Rebooted XFL Taps NBC Sports Lawyer as Legal, Business Chief (1)

The XFL, whose third attempt at a non-NFL football league debuts in February, hired veteran sports lawyer Wendy Bass as chief business and legal officer.

Bass spent the past two years as senior vice president of programming and rights management for NBC Sports Group. She oversaw acquisitions and programming and managed digital media strategy and partnerships.

At the XFL, Bass will lead the legal, people operations, and technology departments. The league announced her hire in a Nov. 29 statement. Bass said via email the new league is working with Latham & Watkins for media deals, Quarles & Brady on trademark issues, and Rochester, NY-based Woods Oviatt Gilman on other matters.

The relaunched XFL completed a preliminary player draft last month for its eight teams located in Washington, St. Louis, Seattle, San Antonio, Orlando, Las Vegas, Houston, and Arlington, Texas, near Dallas. The league is based in Arlington.

Bass said she was drawn to the XFL by Kevin LaForce, a former NFL executive who joined RedBird last year as a managing director and head of the private equity firm’s sports and media business. LaForce, who worked with Bass when he was at the NFL and she at broadcast partner NBC, reached out about the opportunity, Bass said.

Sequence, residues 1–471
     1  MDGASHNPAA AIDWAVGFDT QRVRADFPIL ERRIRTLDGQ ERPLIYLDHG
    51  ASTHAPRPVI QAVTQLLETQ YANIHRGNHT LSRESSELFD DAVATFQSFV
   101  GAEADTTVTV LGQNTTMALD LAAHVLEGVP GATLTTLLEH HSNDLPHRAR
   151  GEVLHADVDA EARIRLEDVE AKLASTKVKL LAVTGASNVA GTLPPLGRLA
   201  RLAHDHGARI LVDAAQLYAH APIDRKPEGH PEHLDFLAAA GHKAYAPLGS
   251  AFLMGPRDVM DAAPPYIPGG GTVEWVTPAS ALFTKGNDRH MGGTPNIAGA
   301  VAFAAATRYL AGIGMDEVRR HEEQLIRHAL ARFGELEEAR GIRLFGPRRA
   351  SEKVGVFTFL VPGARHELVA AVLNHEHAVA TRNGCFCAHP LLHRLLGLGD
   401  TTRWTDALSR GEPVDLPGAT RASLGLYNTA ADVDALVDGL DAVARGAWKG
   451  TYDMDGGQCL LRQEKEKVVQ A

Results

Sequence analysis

The XFL said Bass reports to its President Russ Brandon, the brother of Gregg Brandon, who until recently was general counsel for the NFL’s Buffalo Bills. Russ Brandon was also once president and CEO of the Bills, whose former general manager Doug Whaley is the XFL’s top player personnel executive.

McMahon’s original vision of the XFL was created in partnership with NBC Sports, the Stamford, Conn.-based sports programming division of NBCUniversal Media LLC, a media and entertainment conglomerate owned by cable giant Comcast Corp.

John Wilson, a K&L Gates sports law and technology transactions partner who stepped in as interim general counsel for the XFL when Friedman went on maternity leave ahead of the league’s pandemic-driven insolvency, said he’s no longer advising the alternative football outfit. He wished the league the best in its next iteration.

Alec Scheiner, a former general counsel of the NFL’s Dallas Cowboys, now serves as a sports and media investment partner at RedBird. Last year RedBird hired Michael Chiaravalloti, a former managing director for JPMorgan Chase & Co.’s private bank, to be its chief compliance officer and in-house counsel.

RedBird was advised on its XFL purchase by Fried, Frank, Harris, Shriver & Jacobson. Sidley Austin represented Johnson’s camp on the deal, which closed in late 2020.